This action was brought by a former employee against Georgia Power Company and two supervisors. A jury verdict was returned against all the defendants jointly for libel and against the two supervisors for slander and for wrongful discharge from employment.
The employee, Busbin, was the local manager of the Georgia Power office in Homerville. He was fired but was later allowed to resign after a company audit revealed certain discrepancies in respect to the operation of the office. Busbin's district and regional supervisors concurred in this decision to terminate Busbin. After securing the resignation, the two supervisors met with other Georgia Power employees in Waycross to review the findings of the various audits conducted in the Georgia Power offices in that region. Several days after the meeting an employee of Georgia Power went by Busbin's house in Homerville during the workday and discussed the Waycross meeting which the employee had attended. This discussion was held in the presence of Busbin and his wife. Busbin subsequently initiated a suit against Georgia Power and the two supervisors which resulted in a jury verdict and judgment in his favor. However, the judgment was appealed and ultimately reversed by the Georgia Supreme Court in Ga. Power Co. v. Busbin, 242 Ga. 612 (250 SE2d 442) (1978)
. The case was tried a second time and once again a verdict and judgment were rendered for Busbin. It is this second judgment from which Georgia Power and the two supervisors appeal.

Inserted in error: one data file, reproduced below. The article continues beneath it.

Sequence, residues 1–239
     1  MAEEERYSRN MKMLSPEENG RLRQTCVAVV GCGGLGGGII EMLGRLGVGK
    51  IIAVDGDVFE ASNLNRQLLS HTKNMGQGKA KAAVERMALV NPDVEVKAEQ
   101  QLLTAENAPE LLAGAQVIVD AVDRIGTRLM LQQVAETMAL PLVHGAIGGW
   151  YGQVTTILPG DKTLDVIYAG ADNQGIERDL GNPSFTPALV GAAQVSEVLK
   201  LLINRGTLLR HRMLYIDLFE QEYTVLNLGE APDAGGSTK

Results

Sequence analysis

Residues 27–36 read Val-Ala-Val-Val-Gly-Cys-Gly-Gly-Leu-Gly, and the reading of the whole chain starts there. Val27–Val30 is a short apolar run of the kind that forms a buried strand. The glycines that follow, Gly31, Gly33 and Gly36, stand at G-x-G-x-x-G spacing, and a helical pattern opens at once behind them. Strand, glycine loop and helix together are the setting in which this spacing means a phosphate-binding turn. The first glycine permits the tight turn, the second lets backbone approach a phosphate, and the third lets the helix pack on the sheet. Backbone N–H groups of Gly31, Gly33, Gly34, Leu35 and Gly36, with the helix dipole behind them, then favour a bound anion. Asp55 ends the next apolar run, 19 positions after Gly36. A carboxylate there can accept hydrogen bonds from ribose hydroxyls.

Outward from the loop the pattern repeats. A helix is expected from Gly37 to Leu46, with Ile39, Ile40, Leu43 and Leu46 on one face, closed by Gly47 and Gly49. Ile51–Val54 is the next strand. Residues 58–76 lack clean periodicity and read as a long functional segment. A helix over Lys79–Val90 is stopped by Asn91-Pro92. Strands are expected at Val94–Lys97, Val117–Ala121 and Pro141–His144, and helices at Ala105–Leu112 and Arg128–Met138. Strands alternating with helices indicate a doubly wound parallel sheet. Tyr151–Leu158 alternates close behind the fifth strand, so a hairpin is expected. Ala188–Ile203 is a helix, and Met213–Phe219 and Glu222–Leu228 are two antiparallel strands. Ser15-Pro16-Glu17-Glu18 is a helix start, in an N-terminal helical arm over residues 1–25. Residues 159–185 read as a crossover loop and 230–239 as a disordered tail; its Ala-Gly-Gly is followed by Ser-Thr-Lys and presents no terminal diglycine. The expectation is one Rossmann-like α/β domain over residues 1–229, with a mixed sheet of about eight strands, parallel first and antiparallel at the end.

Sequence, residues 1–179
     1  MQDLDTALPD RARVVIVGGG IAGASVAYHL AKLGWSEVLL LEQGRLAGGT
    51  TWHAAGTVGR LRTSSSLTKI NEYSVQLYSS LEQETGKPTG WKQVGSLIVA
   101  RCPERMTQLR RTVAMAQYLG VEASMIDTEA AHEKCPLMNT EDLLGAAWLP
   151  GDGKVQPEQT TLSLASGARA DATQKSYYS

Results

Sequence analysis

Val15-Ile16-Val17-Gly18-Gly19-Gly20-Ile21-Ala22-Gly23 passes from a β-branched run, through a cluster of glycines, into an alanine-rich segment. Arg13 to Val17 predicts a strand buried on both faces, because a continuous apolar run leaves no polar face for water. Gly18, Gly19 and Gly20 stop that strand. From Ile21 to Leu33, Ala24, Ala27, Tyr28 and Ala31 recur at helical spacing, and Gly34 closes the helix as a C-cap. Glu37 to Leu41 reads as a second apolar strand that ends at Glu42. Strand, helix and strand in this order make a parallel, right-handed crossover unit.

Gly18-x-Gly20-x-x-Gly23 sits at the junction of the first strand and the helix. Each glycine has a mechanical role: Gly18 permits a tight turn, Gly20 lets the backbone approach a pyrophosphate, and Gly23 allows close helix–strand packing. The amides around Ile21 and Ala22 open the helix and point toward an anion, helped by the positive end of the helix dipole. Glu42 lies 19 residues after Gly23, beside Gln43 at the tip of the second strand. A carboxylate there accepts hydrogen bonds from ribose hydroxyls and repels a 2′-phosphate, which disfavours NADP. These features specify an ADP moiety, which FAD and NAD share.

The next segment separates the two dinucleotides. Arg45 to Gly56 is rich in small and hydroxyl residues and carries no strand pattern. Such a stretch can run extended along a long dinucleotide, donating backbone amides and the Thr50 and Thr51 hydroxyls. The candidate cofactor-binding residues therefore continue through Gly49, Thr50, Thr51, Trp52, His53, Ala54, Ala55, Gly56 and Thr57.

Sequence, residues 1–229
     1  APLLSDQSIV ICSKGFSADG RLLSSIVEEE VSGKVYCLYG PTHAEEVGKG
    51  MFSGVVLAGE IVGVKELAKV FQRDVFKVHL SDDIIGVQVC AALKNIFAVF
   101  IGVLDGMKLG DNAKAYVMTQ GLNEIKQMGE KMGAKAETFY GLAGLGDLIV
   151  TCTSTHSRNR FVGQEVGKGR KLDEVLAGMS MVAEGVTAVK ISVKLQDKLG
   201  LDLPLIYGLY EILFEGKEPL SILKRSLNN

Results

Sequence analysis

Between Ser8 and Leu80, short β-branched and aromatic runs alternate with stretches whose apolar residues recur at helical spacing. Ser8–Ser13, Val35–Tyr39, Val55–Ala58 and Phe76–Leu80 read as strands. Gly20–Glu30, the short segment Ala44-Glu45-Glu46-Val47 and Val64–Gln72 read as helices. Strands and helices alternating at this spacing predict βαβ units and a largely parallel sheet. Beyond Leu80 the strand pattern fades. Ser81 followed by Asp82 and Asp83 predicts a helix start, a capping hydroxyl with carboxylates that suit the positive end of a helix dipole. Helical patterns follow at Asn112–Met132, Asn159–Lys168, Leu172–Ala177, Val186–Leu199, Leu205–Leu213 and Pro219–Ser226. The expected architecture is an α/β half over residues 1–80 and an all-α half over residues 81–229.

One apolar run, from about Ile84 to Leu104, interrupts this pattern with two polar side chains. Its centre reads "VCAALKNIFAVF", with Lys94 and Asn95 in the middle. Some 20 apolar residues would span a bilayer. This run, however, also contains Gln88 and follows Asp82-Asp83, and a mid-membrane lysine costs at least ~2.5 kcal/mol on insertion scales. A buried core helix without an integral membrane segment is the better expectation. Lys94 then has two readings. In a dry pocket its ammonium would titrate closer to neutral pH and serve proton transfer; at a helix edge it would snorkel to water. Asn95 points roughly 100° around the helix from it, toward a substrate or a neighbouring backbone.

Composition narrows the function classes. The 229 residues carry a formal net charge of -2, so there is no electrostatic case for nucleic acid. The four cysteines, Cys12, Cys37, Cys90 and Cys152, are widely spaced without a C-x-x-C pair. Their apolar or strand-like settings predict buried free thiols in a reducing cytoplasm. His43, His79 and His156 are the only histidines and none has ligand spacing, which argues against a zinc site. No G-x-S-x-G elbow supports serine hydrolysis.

1. The supervisors claim as error the failure of the trial court to dismiss the slander and wrongful discharge claims against them on the ground of improper venue. This case was originally brought in Clinch County jointly against Georgia Power and the other two defendants alleging libel, slander, wrongful discharge, and conspiracy to commit these acts. Thus, under Code Ann. 2-4304 and 3-204 which allow the joinder of a non-resident with a resident joint-tortfeasor, venue was proper as to the supervisors when the judgment was entered against all defendants jointly. However, on appeal the Supreme Court of Georgia disallowed all claims against Georgia Power except the issue of libel. Ga. Power Co. v. Busbin, supra. Since there can be no valid judgment on the issues of slander and wrongful discharge in Clinch County against Georgia Power, which was the resident defendant, venue was improper as to the nonresident defendants on these issues absent a waiver. See Timberlake Grocery Co. v. Cartwright, 146 Ga. App. 746 (247 SE2d 567) (1976)
Even though the issues in the present case apparently arose out of the same transactions or occurrences making joinder of the claims preferable under Code Ann. 81A-118 (a) to avoid a multiplicity of suits and conflicting decisions, the provisions of the Civil Practice Act are not to be construed to extend the venue of actions. Code Ann. 81A-182. This court is bound by the constitutional and statutory venue provisions; therefore, the separate causes of action for slander and wrongful discharge cannot be brought against two non-resident joint tortfeasors, even though venue was proper in the cause of action for libel against all defendants jointly. Haley v. C. & S. Nat. Bank, 141 Ga. App. 13 (232 SE2d 362) (1977)